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Friday, May 30, 2008

Warm and Wheaty

Molly and I recently returned from a wonderful vacation in eastern Washington. After moving to the midwest, it is always a welcome feeling to get on a plane knowing I will end up on the Pacific, whether it be in Portland visiting my family or in northern California at my girlfriend's childhood locale.

The Walla Walla valley to me is one of the most gorgeous and hidden landscapes on the west coast. Located just four hours east of Portland, Walla Walla is situated in a growing wine region, surrounded by wheat fields and the Blue Mountains, and close to the long and winding Columbia River. Walla Walla celebrates over 300 days of sunshine annually and only one-third the precipitation of its neighbor across the state, Seattle. I count myself lucky to have had the opportunity to have lived here for four years while completing an undergraduate education at Whitman College.

Our main purpose for our vacation out west was to attend Whitman's annual commencement ceremonies. It was an odd feeling stepping off our small turboprop flight and making our way to campus. While campus was almost identical to the way we left it in 2006, the faces of faculty and students have greatly changed. Despite the new people filling the grounds of Whitman College, the traditions of behavior have remained: bike rides, frisbee games, spontaneous conversations, slip 'n' slide, and outdoor studying on a wonderfully sunny spring day.

The spirit of the place has changed with these people, but it still felt familiar. In reality, this was the last class of students we will know on campus, an odd and sad realization of our now d
istance from this place.

The Whitman grounds are a lush and immaculately groomed landscape nestled in an agricultural and artistic town of 30,000 and home to approximately 1500 students. The campus represents a place dedicated to both educational integrity and extracurricular involvement, a blend of rigor within the physical structures on campus and a comfortable place to play hard without. The brick buildings, immensely smaller than the massive structures on the campus of UW-Madison, emphasize the intimate nature of the educational opportunities here and bring a classically collegiate feel to this small locale, spotted with a varied collection of art, fountains, and flora.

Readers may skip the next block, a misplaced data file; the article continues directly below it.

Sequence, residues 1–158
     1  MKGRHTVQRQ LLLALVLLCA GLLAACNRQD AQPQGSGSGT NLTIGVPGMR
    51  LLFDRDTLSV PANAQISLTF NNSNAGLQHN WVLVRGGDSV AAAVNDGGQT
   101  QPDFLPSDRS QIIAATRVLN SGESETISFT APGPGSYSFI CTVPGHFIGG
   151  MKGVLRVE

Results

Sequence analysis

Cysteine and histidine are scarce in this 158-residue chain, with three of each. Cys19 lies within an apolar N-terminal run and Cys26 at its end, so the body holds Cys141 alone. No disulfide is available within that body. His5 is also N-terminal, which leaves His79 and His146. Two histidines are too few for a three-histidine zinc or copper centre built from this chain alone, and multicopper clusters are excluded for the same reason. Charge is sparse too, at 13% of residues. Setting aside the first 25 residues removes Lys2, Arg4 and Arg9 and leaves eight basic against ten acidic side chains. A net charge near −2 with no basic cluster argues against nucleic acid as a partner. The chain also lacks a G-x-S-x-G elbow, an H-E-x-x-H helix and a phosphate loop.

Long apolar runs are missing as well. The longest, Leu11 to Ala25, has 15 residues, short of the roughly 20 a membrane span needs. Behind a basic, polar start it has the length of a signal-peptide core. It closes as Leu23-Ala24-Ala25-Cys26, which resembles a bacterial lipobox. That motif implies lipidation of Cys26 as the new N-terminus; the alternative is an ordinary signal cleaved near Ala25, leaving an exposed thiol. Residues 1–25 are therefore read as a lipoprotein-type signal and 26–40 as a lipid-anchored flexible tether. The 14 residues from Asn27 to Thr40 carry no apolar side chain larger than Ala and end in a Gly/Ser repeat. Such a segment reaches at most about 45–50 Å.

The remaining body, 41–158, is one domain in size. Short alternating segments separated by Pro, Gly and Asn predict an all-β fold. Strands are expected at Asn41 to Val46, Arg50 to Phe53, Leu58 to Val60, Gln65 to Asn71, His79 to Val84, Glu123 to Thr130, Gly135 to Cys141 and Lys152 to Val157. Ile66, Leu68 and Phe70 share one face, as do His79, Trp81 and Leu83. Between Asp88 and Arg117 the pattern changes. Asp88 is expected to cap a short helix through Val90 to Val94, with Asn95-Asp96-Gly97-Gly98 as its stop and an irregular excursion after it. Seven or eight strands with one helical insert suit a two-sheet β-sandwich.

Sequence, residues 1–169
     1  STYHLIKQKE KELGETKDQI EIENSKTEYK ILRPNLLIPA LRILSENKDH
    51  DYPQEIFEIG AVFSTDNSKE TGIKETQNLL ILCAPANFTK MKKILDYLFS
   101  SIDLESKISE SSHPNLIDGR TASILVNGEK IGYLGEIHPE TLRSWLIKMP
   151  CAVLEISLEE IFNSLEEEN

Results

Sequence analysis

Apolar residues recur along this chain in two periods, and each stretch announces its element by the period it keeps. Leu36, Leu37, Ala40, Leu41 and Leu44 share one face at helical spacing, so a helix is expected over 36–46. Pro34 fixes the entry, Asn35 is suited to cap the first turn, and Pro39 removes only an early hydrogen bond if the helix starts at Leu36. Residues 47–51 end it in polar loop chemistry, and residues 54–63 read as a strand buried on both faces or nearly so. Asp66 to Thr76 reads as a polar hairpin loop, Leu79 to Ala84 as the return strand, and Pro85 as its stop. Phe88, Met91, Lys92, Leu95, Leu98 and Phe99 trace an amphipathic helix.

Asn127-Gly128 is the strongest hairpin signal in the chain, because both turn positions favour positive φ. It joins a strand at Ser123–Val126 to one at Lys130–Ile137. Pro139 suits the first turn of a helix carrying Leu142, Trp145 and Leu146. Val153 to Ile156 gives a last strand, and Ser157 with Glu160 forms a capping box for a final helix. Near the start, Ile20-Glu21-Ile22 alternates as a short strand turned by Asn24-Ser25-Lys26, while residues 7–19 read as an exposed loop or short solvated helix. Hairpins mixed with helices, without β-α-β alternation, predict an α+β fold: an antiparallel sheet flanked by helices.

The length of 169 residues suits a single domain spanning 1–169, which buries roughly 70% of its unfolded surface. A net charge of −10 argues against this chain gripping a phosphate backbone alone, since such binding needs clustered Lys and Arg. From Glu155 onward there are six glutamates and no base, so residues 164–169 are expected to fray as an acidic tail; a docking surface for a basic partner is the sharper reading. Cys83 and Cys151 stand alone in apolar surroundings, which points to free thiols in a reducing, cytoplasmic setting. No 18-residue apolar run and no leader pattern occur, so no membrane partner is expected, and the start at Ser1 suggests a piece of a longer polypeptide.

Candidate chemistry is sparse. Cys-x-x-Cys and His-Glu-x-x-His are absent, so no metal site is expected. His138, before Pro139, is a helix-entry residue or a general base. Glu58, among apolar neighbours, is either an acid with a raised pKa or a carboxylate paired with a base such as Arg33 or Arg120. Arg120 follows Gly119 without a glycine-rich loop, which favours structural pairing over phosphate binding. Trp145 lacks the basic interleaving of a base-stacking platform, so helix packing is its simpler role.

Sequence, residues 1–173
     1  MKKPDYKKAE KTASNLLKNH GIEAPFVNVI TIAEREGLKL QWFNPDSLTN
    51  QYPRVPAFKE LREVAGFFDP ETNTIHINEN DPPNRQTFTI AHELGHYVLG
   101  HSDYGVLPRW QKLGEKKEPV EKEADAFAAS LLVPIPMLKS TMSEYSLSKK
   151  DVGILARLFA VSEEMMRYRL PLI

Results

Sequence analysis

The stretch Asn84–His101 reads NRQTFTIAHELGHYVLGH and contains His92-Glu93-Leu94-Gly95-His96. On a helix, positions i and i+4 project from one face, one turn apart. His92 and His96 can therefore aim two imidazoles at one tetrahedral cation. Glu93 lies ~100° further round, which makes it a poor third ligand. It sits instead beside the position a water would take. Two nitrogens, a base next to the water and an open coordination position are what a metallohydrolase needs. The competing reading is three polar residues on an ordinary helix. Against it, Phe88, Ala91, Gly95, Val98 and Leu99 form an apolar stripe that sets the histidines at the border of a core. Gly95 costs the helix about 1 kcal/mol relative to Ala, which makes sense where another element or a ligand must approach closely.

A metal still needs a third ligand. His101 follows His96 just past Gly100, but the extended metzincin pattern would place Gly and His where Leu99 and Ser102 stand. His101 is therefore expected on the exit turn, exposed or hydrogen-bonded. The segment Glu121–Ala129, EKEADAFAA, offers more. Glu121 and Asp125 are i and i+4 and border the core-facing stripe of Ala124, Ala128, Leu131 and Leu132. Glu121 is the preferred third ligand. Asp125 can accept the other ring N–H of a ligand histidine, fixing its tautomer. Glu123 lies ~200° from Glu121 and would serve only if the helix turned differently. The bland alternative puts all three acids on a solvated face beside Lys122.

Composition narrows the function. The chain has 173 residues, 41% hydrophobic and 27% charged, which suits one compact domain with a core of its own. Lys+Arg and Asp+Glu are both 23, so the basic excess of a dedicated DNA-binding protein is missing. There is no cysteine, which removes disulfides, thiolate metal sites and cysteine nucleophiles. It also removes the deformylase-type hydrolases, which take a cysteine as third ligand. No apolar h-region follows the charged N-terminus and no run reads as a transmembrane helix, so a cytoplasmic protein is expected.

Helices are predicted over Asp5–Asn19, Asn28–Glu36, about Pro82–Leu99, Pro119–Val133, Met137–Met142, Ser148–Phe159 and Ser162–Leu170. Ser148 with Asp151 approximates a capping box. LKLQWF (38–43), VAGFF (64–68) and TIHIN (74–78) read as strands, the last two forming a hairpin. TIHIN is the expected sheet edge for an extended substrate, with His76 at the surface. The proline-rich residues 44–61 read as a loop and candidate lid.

We ate and drank our way through our vacation, filling the time with lunch dates, walks to the farmer's market, beer drinking, long conversations, basking in the sun on numerous benches, and more. The goal was social only: see friends, catch up, and enjoy the fellowship of friends we had not seen in some time at one of the happiest and most monumental times in their lives, college graduation.

We celebrated with many of our old residence hall residents, including Drew, Kyle, Danielle, Megan, Bryan, Shae, Julie, Meghan, and Andrea. Below you will find some celebratory pictures of their commencement.

I was also fortunate to see family members just minutes away from Walla Walla. There was grilling, laughing, yard games, and catching up. Below right, Molly means business during a game of redneck golf!

We couldn't resist a photographic celeb
ration of the beauty of this place. An early morning trip to the rolling wheat fields north of town for sunrise brought back memories of taking in some of the most beautiful sunsets in the country here, and the time I gifted Molly a gold chain in this very same location.

I thank Matt and Allison for joining us after a long drive down from Spokane.

Overall, I don't think I adequately captured the overwhelming joy of seeing old faces and being overtaken by the beauty of this place. Nevertheless, those images will always be burned into my memory and ready to be shared through stories and tales of our time in Walla Walla.

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